Oral Sex Safety

oral sex safetySafety may not be the sexiest topic in the world, but it’s important with oral sex, just as it is with intercourse.  Oral sex of course doesn’t carry the risk of pregnancy that intercourse does, which makes it safer in that way, but there is still a risk of passing on disease, especially in situations where you don’t know your partner well or aren’t practicing fidelity.  Let’s talk about which diseases can be transmitted via oral sex and which ones can’t, and then what you can do to minimize your risk and still enjoy a great time.

  • HIV:  Various research studies have demonstrated that HIV probably does not pass through cunnilingus or fellatio, but that it may pass through anilingus.  Researchers are still not 100% sure that HIV can’t be transmitted via oral sex, so don’t take it for granted—but the research strongly suggests that it doesn’t.  So this is a safer form of sex for HIV positive partners.
  • HPV:  This disease can definitely be transmitted through oral sex.  If you see genital warts on a partner, he or she may well have HPV (or some other problem).  If you don’t see warts, that doesn’t mean the partner doesn’t have HPV.  HPV is particularly contagious when it’s active, but can be transmitted between partners even when it is dormant in the carrier.
  • Gonorrhea:  This disease also can be transmitted via oral sex.  Carriers often show no symptoms.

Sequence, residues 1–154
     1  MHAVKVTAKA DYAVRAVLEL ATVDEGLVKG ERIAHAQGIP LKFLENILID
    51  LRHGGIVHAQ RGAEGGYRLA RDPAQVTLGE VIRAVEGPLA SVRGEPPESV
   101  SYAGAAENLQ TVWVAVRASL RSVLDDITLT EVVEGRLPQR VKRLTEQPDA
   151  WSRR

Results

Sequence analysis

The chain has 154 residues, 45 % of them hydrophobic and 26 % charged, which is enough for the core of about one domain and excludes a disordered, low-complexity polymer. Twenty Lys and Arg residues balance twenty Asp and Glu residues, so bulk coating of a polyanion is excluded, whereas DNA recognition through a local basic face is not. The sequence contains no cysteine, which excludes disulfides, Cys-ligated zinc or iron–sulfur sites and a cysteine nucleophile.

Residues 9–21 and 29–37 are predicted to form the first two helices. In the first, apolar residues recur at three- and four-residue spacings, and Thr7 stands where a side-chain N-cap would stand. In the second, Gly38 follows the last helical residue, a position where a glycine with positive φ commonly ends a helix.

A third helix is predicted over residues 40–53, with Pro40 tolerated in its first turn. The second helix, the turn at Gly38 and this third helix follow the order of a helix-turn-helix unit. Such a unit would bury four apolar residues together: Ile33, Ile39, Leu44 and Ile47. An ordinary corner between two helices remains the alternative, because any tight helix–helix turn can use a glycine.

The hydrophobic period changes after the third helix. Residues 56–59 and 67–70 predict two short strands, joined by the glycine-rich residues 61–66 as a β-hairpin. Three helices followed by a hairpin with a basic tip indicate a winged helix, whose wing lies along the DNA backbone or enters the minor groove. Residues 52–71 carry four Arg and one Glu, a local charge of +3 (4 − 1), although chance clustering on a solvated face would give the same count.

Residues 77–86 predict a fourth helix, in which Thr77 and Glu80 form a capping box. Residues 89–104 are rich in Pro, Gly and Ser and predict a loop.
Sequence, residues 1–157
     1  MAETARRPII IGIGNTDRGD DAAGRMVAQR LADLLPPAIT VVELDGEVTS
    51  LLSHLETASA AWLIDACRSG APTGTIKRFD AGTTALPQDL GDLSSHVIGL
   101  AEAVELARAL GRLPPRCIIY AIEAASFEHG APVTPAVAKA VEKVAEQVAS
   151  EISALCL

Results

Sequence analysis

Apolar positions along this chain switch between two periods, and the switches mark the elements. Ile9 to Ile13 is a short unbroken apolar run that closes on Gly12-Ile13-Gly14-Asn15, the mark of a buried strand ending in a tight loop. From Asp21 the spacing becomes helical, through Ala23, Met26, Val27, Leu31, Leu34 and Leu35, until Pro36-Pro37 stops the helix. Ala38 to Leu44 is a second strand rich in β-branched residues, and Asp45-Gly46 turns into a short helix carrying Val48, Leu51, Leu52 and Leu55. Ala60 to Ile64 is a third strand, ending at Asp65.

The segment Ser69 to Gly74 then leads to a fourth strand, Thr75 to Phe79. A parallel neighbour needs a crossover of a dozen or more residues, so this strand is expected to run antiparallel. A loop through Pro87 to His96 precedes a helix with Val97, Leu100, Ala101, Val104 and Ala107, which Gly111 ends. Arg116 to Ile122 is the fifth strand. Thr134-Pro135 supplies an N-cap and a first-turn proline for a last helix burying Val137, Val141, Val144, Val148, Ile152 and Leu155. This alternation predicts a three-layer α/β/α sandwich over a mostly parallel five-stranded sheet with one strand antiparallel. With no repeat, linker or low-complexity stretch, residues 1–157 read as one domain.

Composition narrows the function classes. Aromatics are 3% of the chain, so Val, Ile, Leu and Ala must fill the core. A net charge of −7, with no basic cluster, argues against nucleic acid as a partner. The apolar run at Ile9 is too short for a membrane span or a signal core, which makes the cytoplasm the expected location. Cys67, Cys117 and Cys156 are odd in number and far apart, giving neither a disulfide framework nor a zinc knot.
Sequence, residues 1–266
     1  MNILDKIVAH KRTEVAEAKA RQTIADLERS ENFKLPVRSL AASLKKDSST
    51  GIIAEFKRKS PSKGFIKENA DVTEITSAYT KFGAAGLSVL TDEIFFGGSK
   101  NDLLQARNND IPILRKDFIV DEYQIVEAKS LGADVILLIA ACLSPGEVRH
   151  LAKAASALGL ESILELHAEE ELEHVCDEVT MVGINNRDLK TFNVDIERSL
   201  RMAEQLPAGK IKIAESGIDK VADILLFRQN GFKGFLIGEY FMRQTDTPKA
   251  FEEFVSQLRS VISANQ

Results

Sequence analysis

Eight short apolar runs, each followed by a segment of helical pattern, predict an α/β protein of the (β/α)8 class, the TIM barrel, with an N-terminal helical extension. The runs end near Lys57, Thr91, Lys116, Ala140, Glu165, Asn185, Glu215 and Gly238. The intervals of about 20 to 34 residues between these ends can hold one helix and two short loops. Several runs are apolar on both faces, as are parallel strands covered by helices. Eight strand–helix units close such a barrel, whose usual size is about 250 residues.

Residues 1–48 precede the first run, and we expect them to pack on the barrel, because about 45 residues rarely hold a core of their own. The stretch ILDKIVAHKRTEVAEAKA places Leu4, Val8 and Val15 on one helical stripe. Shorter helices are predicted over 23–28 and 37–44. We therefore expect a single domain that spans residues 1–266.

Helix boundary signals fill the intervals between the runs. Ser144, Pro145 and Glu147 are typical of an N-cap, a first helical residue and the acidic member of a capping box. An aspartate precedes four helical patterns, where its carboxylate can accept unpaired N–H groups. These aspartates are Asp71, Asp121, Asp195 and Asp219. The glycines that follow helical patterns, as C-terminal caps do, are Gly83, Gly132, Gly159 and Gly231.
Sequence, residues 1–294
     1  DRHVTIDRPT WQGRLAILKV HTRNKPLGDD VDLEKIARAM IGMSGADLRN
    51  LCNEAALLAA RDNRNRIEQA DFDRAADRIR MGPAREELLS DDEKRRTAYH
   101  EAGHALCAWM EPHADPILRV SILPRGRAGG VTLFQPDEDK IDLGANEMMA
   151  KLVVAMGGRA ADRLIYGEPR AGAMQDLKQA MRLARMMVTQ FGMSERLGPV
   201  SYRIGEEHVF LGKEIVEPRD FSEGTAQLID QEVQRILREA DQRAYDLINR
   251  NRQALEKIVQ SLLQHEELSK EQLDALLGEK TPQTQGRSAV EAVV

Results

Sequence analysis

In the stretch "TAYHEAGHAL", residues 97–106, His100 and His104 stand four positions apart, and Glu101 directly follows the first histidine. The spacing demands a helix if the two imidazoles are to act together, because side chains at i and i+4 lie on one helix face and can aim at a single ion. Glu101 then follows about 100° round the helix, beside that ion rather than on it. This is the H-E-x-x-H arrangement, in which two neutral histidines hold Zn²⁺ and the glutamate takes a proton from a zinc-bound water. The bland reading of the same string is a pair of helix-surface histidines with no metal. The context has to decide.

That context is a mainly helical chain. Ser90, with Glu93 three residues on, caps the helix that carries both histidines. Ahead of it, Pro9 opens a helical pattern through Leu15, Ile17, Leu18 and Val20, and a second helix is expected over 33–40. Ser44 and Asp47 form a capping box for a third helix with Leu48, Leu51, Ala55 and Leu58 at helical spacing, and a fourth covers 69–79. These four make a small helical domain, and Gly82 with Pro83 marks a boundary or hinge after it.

• Hepatitis A, B, and C:  These may all pass orally, but transmission is more likely via anilingus than other forms of oral sex.  Hepatitis B is the most serious.
  • Syphilis:  This disease can also pass through oral sex.  Active infections can cause the appearance of sores.
  • Herpes:  This disease can be transmitted through oral sex, but is more likely to be transmitted through intercourse.  The disease causes small blisters; if you see them, it represents an active infection.
  • Chlamydia:  There isn’t a lot of research on this one as far as oral sex goes, but limited evidence suggests it can indeed transmit orally.  People who have Chlamydia may show few or no symptoms, and the disease may mimic other conditions in women.
  • GI Tract Infections:  Various bacteria can be transmitted orally which originate as infections in the GI tract.  This is far more likely with anilingus than it is with cunnilingus or fellatio, but it is still possible with any form of oral sex since bacteria can migrate around that whole region.  These infections may range from mild to serious.  Avoid anilingus with any partner who has an active GI tract infection.

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So in conclusion, HIV probably doesn’t transmit through oral sex, and there is a general lack of research to conclusively suggest whether other STDs can transmit orally, but at this point it is best to assume that it is possible.  It is however less likely in most cases than transmission via intercourse.  GI tract infections can sometimes pass through oral sex, but usually through anilingus, and STD transmissions are more likely via anilingus than other forms of oral sex.  So oral sex is safer in general than intercourse where diseases are concerned, but still not entirely safe, and anilingus carries more risk than cunnilingus or fellatio.